The Borrego Sun found out about the lawsuit; and did what the Trustees should have done – brought it to the attention of the community and the San Diego Union-Tribune.
The IRS990’s are the way taxpayers and concerned citizens can track Borrego Health’s financial transactions, and how the government’s contributions to public health were being used. Unfortunately, it was the taxpayers and government insurers that were being used. For years, Borrego Health’s tax reports purposely hid, misrepresented, and failed to disclose many items legally required for a non-profit FQHC. They, however, without a single blink, proudly boasted about the mind-boggling growth of their contract dental practice, and the outrageous amounts of money some dental contractors were making. Disclosure of illicit dental management practices by the Sun and other obvious violations apparent in the tax reports, eventually caught the attention of the regulators and the FBI. Has anyone in Borrego besides the staff of the Borrego Sun read the 2019 tax returns? It’s a public document. Ask for it.
A newspaper doesn’t expect to be exalted for exposing crime. On the other hand, it doesn’t expect to be blamed for the consequences, resulting from the crooks getting caught.
Arrogance by those who corrupted their mission to provide quality primary health care to the underserved and financially challenged, was, no doubt, the reason former officers and Trustees constantly blew off the Sun’s request for comments or explanations. They had not been caught for years, and assumed a few stories by a small local newspaper wasn’t going to upset the golden apple cart. They would have been right. Media research shows it takes a massive, consistent amount of coverage of a story to attract public attention, let alone even a cursory understanding or reaction. If the Sun hadn’t persisted in disclosing new facts that raised questions of fraud for two years, BCHF would still be conducting business as usual. Sooner or later, the health insurance police would have caught the culprits and stopped the underground money mill. But not before millions more of public health care funds had been siphoned off into private pockets.
The new Board of Trustees no longer has a free hand to do as they wish, or simply put behind them the years of fraud, and move on, as if nothing happened. Some locals would prefer they did. Fortunately, they are under disciplinary supervision by the state. Currently, state-selected monitors are observing, and directing the Trustees and CEO, to refocus leaderships’ adherence to Borrego Health’s primary purpose and reason it has the exalted FQHC status. In case it has gotten lost, the mission of a FQHC is to provide quality primary care to the underserved, and those without the means to pay the overpriced costs of health care. For anyone that doesn’t know the definition of PRIMARY CARE, and the range of services allowed, there’s a number of very informative explanations on the Internet.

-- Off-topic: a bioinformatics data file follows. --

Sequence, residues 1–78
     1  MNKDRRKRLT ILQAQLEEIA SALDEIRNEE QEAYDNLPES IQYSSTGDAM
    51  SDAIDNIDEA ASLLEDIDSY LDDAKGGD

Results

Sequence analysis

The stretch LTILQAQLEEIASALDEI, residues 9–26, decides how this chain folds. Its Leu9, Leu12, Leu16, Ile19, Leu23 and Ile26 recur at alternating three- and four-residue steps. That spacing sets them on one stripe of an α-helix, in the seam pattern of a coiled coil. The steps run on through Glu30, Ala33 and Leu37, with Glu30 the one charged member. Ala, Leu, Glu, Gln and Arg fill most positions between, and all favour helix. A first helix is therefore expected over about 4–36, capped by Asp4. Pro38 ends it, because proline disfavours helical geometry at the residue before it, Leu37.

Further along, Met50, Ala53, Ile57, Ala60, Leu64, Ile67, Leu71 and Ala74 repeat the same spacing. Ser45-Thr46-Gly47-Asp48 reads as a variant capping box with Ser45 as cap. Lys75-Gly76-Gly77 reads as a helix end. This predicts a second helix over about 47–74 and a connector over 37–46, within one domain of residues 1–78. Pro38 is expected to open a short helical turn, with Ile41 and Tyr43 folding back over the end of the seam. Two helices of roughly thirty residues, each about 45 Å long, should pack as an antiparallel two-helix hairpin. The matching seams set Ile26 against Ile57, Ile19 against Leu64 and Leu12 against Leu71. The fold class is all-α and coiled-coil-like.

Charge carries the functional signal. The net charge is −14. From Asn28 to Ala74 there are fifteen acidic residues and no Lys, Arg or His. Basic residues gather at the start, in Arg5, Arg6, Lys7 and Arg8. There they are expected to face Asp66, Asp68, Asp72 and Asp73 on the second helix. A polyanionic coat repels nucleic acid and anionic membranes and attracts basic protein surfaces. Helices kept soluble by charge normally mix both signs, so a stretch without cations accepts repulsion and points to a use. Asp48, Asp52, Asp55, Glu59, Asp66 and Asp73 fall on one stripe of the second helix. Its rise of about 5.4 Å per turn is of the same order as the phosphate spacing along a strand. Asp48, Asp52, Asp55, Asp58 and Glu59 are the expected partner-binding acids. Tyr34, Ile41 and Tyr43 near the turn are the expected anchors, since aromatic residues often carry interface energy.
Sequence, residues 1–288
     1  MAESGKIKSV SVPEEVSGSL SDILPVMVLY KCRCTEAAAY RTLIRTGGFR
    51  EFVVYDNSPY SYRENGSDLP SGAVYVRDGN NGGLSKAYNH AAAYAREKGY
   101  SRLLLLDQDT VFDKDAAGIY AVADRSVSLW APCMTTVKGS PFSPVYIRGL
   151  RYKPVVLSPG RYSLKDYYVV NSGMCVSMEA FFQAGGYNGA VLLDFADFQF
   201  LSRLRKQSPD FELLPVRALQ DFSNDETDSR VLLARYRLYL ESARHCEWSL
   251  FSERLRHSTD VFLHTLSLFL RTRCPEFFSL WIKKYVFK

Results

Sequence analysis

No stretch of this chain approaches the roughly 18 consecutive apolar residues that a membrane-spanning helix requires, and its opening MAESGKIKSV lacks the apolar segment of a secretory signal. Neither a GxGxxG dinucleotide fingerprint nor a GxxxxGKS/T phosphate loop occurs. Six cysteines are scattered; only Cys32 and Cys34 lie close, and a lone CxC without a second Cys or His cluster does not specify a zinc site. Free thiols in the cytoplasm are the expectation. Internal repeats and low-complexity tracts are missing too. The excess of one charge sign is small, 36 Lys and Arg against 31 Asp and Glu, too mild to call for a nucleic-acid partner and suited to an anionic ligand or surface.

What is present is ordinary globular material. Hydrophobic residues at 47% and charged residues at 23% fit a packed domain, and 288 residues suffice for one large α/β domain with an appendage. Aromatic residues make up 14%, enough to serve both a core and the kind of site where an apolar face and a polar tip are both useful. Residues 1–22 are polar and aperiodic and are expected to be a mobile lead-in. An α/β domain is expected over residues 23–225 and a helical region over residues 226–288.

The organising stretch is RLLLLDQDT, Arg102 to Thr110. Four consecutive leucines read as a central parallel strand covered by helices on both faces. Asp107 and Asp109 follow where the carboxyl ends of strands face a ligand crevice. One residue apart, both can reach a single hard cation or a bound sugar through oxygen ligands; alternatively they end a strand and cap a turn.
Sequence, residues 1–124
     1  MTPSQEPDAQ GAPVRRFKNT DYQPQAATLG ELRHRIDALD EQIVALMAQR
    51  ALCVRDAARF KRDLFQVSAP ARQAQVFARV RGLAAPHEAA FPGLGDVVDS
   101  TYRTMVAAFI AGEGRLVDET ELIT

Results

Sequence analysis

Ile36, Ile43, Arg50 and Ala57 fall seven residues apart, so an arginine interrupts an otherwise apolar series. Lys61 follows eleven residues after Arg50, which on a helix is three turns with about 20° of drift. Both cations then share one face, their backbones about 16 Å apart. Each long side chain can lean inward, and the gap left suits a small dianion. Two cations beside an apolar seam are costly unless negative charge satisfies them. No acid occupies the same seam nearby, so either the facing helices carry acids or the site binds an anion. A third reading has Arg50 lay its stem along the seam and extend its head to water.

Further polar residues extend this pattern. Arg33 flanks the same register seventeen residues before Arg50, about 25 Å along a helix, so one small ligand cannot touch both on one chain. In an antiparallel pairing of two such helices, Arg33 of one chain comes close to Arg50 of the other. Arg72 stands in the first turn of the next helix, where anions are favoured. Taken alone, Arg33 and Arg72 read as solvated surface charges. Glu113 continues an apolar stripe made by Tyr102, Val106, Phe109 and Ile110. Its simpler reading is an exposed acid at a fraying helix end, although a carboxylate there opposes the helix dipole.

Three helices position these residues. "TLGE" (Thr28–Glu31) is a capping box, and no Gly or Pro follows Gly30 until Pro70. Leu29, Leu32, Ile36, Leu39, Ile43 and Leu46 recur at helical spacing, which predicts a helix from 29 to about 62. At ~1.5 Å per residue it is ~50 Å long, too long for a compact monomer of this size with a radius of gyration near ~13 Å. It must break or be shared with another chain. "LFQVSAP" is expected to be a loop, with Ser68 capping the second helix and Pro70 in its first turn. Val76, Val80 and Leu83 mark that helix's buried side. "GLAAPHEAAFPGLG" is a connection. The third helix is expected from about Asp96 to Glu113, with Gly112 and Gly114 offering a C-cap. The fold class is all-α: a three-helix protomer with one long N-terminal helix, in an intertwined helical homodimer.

Even today, the new Trustees are having difficulty accepting and acting on what they must know is true. They would probably have remained silent if DHCS was not forcing them to comply to a “Corrective Action Plan.” The non-negotiable plan includes, placing professional monitors in the organization to oversee its operations and officers. The monitors have the authority to fire individuals and make immediate changes. After a period of reviewing and working with Borrego Health’s officers and Trustees, the monitors made recommendations for future changes. The recommendations were then reviewed and adopted by DHCS, and passed onto Borrego Health Trustees and CEO to make the prescribed changes, in very short time frames, ranging from 30 to 90 days.
Whether the limitations of funding primary care only, as the legal basis for FQHC providers, is a good or bad policy is another discussion entirely. However, right now, it’s the prevailing law. Laws that state and federal regulators are sworn to defend. They are the same laws that Boards of Trustees are expected to enforce and abide by.
Sometimes, bad news is actually good news. Especially, when it offers an opportunity to correct illegal behavior, reconcile conflicting facts and opinions; and lead to a real community debate about the realities that will determine the future of health care in Borrego Springs. The community has always had to provide for itself. Hence the Borrego Valley Endowment Fund (BVEF), holding money bequeathed to the community by wealthy individuals to provide health care. Instead of wishing the inconvenient truths to go away and be replaced by good news, or fantasies of “better days,” Borrego Springs needs to do what it has always done – take care of business.
The entire six-page, DHCS, Corrective Action plan for Borrego Health is available on the Borrego Sun website. It’s full of insights based on corrective recommendations as to how so much fraud could go on for so long; and provides a blueprint to monitor Borrego Health leadership as it moves from its past poor performance into the future.